A major survey of 25,164 Ontario university students by the American College Health Association showed that between 2013 and 2016, there was a 50-per-cent increase in anxiety, a 47-per-cent increase in depression and an 86-per-cent increase in substance abuse. Suicide attempts also rose 47 per cent during that period.

That’s a pretty stunning set of numbers.  What to make of them?

Part of what’s going on here is looking at the size of the increase instead of the size of the base.  If the incidence of something goes from 1% to 2% in the population, that can be accurately expressed either as “a one percentage point increase” or “IT DOUBLED!”.   The increase for the numbers on “attempted suicide in the last 12 months”, for instance, rose from 1.3% to 2.1%.  With such a tiny base, double-digit increases aren’t difficult to manufacture.

(in case you’re wondering whether these figures are a function of possible measurement error, the answer is no.  With a 40,000 student sample, the margin of error for an event that happens 1% of the time is 0.1, so a jump from 0.8% is well beyond the margin of error).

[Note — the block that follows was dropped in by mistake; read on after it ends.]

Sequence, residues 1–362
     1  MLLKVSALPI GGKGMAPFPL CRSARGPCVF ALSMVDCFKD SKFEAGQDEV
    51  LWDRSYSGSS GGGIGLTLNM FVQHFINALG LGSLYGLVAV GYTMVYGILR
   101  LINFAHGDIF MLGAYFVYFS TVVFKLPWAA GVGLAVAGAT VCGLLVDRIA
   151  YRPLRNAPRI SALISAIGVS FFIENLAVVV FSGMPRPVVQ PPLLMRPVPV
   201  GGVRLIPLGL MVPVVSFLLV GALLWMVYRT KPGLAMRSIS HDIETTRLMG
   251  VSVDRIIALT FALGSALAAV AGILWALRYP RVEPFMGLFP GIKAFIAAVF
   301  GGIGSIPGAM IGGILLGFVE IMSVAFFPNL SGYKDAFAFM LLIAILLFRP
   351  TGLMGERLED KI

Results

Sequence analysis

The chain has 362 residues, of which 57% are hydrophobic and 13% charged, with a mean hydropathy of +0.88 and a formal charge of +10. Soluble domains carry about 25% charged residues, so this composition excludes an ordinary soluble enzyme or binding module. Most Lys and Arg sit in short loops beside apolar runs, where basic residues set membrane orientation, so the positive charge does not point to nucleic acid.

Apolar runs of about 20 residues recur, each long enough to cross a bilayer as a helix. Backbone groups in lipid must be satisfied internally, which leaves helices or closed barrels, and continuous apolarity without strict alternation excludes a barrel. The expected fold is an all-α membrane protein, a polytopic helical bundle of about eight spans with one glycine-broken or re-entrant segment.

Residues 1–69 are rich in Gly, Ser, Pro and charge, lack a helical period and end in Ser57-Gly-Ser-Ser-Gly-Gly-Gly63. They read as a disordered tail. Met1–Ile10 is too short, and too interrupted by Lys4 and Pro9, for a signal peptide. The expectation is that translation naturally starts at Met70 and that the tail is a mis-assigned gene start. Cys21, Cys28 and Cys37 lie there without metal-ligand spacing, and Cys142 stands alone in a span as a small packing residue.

Now, the Star is correct, there is a very troubling pattern here – across all mental health issues, the results for 2016 are significantly worse than for 2013 and troublingly so.  But it’s still a mistake to rely on these figures as hard evidence for something major having changed.  As I dug into the change in figures between 2013 and 2016, I was amazed to see that in fact figures were not just worse for mental health issues, but for health and safety issues across the board.  Some examples: